In C# you can do the following:

string y = null;
string x = y ?? "sup stallion"; //x = "sup stallion" since y is null.

Where The ?? operator is the null-coalescing operator.

And in Javascript I've seen something similar:

var headers;
var myHeader = headers || {'Content-type':'text/plain'}; //myHeaders = {'Content...

I've also seen: (The 2nd code snippet on the page)

var headers;
var myHeader = headers | {'Content-type':'text/plain'};

Is there a difference between the two? What is this pattern called...default parameter?


|| is a logical or. It returns the first truthy operand* (the last value evaluated). So

var myHeader = headers || {'Content-type':'text/plain'};

Returns "headers" if it's truthy (and if it's null or undefined, that value is coreced into "false"). If it's falsey, it returns the second operand. I don't believe this has a very specific name in javascript, just something general like "default argument value".

| is a bitwise or. It is a mathematical operation and does something completely different. That operator doesn't even make sense here (and it will generally just produce 0 as a result). Wherever you saw that, it was surely a typo, and they meant to use logical or.

So go with that first method (a = b || c).

* "Logical or" is also known as "logical disjunction" or "inclusive disjunction". Javascript, like all programming languages, evaluates logical statements using short-circuit evaluation. With logical-or expressions, it evaluates each operand for truthiness and stops on the first true one (and returns that value). If there are no truthy operands, it still had to go through all of them, so it returns the last operand, still the last one it evaluated. Logical and (&&) is similarly short-circuited by stopping on the first falsey operand.

  • I added a link to the original question. But here it is: csausdev.wordpress.com/2010/12/17/… – Alan Mar 26 '12 at 1:22
  • I know that in general prefer === to prevent type coercion, but in this case, is this acceptable javascript, or am I learning a bad habit? – Alan Mar 26 '12 at 1:24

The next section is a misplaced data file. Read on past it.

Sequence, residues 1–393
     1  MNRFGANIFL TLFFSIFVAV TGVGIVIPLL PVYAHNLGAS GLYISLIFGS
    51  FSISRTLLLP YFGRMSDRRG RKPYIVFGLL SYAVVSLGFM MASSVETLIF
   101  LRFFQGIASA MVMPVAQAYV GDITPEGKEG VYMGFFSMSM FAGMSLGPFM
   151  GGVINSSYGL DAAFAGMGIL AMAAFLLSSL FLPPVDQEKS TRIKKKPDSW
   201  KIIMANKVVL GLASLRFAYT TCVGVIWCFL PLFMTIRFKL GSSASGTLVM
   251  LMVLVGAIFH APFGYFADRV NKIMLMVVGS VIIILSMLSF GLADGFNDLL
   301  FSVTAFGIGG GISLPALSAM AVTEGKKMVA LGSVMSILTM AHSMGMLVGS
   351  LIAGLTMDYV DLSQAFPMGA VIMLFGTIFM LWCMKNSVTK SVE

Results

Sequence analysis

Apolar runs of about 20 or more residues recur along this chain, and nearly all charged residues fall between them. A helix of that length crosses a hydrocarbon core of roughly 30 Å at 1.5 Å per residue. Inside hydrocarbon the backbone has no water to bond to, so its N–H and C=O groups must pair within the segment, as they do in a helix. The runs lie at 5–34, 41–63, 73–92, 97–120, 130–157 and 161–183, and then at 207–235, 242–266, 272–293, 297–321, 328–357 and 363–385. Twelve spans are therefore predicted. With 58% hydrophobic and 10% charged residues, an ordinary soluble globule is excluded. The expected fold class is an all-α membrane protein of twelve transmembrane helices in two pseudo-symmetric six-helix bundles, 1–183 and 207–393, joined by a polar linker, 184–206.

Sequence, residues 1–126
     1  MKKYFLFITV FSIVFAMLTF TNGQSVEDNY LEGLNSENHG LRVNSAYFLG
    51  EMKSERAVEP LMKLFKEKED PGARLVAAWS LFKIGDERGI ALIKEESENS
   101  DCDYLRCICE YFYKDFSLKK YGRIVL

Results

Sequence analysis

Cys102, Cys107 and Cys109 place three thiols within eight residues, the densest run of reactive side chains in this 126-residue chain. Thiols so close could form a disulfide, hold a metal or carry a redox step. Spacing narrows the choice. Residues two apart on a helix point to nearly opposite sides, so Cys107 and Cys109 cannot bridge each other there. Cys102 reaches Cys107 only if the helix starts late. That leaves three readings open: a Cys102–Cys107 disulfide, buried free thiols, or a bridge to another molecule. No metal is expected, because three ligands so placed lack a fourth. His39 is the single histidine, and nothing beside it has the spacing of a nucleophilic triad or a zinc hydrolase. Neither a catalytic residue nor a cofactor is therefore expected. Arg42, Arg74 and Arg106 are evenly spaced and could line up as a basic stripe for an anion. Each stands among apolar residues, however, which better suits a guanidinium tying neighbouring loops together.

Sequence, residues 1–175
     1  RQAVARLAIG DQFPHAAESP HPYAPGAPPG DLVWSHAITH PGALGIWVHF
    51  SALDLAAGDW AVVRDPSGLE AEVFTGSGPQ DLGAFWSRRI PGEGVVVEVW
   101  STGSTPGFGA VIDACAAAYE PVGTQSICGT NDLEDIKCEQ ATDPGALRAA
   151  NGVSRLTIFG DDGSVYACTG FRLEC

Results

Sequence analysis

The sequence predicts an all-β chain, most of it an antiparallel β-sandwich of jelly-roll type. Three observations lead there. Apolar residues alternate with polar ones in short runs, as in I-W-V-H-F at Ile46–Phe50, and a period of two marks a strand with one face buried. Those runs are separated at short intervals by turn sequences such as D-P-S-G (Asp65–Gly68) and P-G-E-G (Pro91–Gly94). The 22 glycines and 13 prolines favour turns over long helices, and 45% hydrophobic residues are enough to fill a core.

• @Alan, you're right that type coercion is usually to be avoided, but this is one of the minority cases where it's usually okay. The exception is when the "default" value might be something falsey (e.g. The literal "false" vs "undefined", for example). In that case, you'll want to use the ternary conditional operator. – Ben Lee Mar 26 '12 at 1:28
  • Perfect. Thanks for the explanation! – Alan Mar 26 '12 at 1:29
  • @Alan, regarding the link showing http | require('http'), I believe that must just be a typo in that blog post. The author surely meant http || require('http'). – Ben Lee Mar 26 '12 at 1:36

I am not familiar with the second pattern. The two patterns I am aware of:

1) Your first pattern is a basic logical or operator. If the first value is falsy then the second value is assigned.

2) The second pattern is called a ternary assignment, which is similar in logic to a basic if condition, but the syntax is slightly different.

var test = (typeof myTest === "string") ? firstValue : secondValue;

In this pattern the question mark separates the condition from the values and the colon separates the values. Tertiary assignments can be nested so that one of the values contains another tertiary.

  • 1
    Ternary** not Tertiary – Joe May 28 '14 at 16:51
  • @Joe Thanks for the spelling lesson – johnny 5 Jan 19 '17 at 17:29
  • 2
    @johnny5 its not a spelling mistake, its the wrong word. – Murph Feb 13 '17 at 12:02
  • @Murph so you were intentionally trying to use the other word, or you were you actually trying to use Ternary and you just coincidentally spelled it wrong in a way which was autocorrected to be a word – johnny 5 Feb 13 '17 at 17:00

Not really an expert to this but the || is a Logical Operator and | is a Bitwise Operator

  • Yes, but values/objects have 'truthyness'. – dwerner Mar 26 '12 at 1:50

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